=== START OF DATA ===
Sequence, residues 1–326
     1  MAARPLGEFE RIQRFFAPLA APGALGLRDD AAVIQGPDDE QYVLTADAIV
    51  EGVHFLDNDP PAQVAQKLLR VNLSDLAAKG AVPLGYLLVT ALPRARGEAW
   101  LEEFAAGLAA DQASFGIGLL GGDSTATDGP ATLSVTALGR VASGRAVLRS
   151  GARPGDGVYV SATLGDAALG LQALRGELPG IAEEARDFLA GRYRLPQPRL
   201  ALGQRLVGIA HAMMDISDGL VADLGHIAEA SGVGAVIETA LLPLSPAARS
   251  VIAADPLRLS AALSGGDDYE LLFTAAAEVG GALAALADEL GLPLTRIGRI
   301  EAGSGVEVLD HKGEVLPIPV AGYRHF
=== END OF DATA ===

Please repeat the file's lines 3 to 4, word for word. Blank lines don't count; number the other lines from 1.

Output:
    51  EGVHFLDNDP PAQVAQKLLR VNLSDLAAKG AVPLGYLLVT ALPRARGEAW
   101  LEEFAAGLAA DQASFGIGLL GGDSTATDGP ATLSVTALGR VASGRAVLRS